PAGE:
With twenty minutes remaining, it seemed like the Bulldogs–despite choppy and erratic play–were going to come home with a shutout Ivy-League victory.
But the men’s soccer team (5-3-2, 1-2-1 Ivy) squandered their first-half lead in the final 20 minutes, falling 2-1 to Penn (6-3-1, 2-1-0 Ivy) in Philadelphia on Saturday.
“We needed to just commit ourselves to defending our lead and come home with an ugly win, but we lost focus defensively and they were able to capitalize,” captain Brian Lavin ’02 said.
The loss was frustrating for the Bulldogs, who felt that they should have been victorious over their Ivy League opponents.
“We got what we deserved in this game,” captain Brian Lavin ’02 said. “We let an inferior opponent hang around and we did not take care of business defensively when we needed to.”
The Elis struck first midway through the first half when Justin Burton ’04 served the ball across to Allen Cerasani ‘0?, who headed the ball in for the early lead.
Despite leading Penn at this point, however, the Bulldogs were showing signs that they were not playing their best game.
“Although we scored a very good goal and were doing some good things, we were just a little bit off our rhythym and we weren’t technically as sharp as we needed to be,” coach Brian Tompkins said.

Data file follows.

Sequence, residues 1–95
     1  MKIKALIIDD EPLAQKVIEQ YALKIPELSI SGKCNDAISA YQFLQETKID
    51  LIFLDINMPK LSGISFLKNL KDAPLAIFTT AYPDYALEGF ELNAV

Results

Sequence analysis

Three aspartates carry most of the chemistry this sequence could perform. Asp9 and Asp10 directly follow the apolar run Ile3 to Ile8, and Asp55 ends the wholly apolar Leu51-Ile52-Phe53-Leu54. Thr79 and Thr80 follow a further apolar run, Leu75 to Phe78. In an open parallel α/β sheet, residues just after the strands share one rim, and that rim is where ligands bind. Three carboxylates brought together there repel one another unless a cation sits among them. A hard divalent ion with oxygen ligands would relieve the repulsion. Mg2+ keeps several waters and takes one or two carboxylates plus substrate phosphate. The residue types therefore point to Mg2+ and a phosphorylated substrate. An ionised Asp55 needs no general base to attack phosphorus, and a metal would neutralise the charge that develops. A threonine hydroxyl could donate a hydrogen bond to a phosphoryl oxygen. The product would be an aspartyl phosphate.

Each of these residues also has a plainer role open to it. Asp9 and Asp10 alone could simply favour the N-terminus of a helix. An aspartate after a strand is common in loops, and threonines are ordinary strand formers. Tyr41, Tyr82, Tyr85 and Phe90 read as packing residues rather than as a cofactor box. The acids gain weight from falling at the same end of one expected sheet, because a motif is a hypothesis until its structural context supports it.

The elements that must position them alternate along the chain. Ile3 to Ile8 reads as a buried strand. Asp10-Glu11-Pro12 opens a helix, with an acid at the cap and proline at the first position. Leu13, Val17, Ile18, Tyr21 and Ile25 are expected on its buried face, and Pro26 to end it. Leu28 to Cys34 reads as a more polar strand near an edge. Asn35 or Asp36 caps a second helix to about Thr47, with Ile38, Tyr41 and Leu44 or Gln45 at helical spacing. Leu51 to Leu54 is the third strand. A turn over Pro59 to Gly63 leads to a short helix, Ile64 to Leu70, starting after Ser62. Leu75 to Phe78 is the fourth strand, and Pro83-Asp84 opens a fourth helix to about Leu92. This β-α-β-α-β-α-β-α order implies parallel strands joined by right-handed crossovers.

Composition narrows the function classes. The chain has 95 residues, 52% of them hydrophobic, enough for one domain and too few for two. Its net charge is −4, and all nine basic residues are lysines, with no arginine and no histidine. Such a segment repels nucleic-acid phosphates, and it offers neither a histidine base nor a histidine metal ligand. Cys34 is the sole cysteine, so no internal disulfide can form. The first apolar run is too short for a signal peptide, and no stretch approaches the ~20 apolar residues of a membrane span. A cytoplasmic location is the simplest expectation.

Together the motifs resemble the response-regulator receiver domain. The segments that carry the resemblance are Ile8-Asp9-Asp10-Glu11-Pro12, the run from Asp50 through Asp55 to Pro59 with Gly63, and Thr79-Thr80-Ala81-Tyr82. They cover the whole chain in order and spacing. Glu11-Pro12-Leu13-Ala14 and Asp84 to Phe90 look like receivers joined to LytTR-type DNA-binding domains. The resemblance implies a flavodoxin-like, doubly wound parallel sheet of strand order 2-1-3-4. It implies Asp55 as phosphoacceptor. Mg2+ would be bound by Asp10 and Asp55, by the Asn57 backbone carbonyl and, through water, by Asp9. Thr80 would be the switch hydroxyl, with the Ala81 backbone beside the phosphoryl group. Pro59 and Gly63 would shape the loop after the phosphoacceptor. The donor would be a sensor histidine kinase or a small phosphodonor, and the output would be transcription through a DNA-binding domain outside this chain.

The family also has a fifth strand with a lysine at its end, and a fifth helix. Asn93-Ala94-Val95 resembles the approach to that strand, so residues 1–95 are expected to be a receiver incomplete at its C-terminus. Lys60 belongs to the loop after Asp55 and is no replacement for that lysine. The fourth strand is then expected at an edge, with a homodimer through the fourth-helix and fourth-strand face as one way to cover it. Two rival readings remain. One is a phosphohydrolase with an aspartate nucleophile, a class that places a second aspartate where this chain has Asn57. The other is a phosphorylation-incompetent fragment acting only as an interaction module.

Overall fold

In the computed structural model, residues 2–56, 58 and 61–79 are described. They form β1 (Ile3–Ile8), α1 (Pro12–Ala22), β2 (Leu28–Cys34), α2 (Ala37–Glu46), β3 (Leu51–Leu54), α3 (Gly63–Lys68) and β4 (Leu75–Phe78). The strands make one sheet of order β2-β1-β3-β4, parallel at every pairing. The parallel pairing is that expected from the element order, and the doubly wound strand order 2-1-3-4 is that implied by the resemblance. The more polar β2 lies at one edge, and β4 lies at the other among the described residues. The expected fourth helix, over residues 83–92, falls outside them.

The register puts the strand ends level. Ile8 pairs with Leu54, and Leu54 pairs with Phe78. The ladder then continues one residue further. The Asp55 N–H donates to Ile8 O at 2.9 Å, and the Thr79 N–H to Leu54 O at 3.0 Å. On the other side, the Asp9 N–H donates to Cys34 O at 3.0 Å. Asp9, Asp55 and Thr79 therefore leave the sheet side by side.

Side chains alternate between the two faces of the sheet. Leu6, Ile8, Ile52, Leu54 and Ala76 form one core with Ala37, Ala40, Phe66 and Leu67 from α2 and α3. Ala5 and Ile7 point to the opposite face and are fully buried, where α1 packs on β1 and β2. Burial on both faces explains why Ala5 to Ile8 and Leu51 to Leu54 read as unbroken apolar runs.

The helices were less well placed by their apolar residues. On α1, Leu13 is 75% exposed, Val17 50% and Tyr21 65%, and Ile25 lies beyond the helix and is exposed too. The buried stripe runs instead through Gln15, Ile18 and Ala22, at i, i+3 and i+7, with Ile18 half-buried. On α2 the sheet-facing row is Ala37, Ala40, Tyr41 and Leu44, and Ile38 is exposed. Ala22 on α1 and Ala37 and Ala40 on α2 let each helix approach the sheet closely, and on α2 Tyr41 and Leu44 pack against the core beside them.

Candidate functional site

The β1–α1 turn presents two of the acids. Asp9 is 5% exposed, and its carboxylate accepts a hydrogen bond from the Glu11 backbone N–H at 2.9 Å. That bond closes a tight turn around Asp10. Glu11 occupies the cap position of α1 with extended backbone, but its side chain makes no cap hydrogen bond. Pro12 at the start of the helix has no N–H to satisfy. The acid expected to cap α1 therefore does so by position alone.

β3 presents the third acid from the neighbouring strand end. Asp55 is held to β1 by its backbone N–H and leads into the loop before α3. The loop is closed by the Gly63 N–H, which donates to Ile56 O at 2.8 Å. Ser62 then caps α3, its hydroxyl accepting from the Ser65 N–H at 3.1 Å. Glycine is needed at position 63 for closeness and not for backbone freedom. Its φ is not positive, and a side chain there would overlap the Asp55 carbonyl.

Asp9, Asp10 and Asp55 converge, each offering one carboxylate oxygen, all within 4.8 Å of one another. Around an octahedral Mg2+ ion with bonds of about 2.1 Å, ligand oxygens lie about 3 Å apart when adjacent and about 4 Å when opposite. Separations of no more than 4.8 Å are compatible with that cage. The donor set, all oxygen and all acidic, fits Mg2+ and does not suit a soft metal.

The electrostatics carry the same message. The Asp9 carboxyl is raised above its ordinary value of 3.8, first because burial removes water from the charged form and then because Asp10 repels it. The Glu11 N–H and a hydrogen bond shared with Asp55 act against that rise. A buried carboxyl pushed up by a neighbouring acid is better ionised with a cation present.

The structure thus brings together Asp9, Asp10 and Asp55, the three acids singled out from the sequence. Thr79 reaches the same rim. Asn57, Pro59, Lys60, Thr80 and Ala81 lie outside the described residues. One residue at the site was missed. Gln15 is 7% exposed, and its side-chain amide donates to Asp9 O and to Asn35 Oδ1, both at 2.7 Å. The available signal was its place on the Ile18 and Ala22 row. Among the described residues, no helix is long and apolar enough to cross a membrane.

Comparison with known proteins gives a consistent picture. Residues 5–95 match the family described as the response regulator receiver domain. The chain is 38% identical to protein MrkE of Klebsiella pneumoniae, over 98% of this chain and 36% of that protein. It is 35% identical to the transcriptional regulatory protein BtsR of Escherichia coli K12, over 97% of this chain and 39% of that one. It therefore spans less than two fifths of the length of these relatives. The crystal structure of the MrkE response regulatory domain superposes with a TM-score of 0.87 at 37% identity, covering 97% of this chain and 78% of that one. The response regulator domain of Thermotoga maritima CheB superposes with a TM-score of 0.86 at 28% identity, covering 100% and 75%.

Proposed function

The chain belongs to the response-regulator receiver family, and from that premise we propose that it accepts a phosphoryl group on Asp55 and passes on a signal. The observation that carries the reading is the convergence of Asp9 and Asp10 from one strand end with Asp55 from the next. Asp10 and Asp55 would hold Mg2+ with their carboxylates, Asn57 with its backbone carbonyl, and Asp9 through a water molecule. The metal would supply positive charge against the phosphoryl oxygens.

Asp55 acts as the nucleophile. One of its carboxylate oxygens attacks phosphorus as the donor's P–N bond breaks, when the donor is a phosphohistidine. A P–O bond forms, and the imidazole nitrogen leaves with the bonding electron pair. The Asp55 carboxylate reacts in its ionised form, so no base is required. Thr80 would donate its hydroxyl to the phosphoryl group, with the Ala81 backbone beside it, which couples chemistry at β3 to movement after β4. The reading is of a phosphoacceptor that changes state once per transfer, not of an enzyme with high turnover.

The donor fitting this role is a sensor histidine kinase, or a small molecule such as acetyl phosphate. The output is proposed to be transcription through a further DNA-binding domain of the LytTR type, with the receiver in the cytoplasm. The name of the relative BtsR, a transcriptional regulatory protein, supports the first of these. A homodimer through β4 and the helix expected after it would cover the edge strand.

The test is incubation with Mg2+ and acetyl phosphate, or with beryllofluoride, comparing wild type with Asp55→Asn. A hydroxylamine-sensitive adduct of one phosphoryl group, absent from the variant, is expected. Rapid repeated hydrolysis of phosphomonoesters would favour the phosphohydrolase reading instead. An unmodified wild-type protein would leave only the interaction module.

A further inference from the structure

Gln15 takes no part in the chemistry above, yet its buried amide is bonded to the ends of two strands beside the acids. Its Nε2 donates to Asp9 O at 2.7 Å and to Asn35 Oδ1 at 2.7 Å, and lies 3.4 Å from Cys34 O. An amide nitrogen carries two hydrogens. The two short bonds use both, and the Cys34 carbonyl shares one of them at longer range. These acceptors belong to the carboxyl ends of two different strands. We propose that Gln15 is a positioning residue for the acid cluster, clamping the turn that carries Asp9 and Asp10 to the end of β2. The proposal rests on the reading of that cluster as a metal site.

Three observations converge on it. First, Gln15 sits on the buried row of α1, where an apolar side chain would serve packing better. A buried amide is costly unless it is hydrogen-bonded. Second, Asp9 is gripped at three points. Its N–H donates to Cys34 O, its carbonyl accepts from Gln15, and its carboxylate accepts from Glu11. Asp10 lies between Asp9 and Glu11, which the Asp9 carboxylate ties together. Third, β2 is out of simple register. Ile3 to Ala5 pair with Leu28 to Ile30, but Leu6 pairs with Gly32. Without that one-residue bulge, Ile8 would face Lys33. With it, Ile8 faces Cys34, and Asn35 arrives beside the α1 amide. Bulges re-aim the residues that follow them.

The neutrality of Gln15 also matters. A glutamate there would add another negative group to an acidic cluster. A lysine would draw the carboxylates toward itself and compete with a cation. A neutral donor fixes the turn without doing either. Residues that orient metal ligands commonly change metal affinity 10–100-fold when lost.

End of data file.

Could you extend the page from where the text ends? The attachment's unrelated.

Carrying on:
Even so, the game seemed to be turning into a Yale shutout, and with twenty minutes remaining in the game, Penn remained scoreless.
The shutout quickly evaporated, however, when Quaker John Salvucci broke out of the backfield and flipped the ball past Yale goalie Russ Stroud ’04 to tie the game with 18 minutes remaining.
Although they had time to respond to the goal, the Bulldogs failed to mount a precise counterattack, according to Tompkins.
“In the second half, if we had just sharpened up technically we could have found another goal, but it just wasn’t our day,” he said.
The Quakers, inspired by Salvucci’s goal, took advantage of an Eli turnover in the midfield and quickly reversed play in a sequence that ended with Penn’s Alex Maasry’s goal off an pass by Louis Lazar. The tally put Penn ahead, 2-1, with just over two minutes remaining, and the game would end by that score.
“It was too late to get back into it at that point,” Tompkins said. “We didn’t do a very good job of maintaining a lead, and I think our inexperience showed a little bit.”
Lavin attributed the team’s loss to its lack of concentration.
“We came out really flat, the quality of our passing was poor and we weren’t able to generate any type of rhythm in our play,” he said.
The crucial Ivy League loss dropped the Eli’s league record to 1-2-1, and although the league continues to be up for grabs, Yale cannot afford to lose to upcoming Ivy opponents Columbia, Brown, and Princeton.
Before they return to league play, however, the Bulldogs will host the defending NCAA champion University of Connecticut at 7:00 p.m. on Wednesday.
After two narrow defeats, both of which seemed to be characterized by uneven play, the Bulldogs are looking to try some new positioning and formations.
“We may move some guys around and try some people in new spots so we can improve our rhythm and flow,” Tompkins said.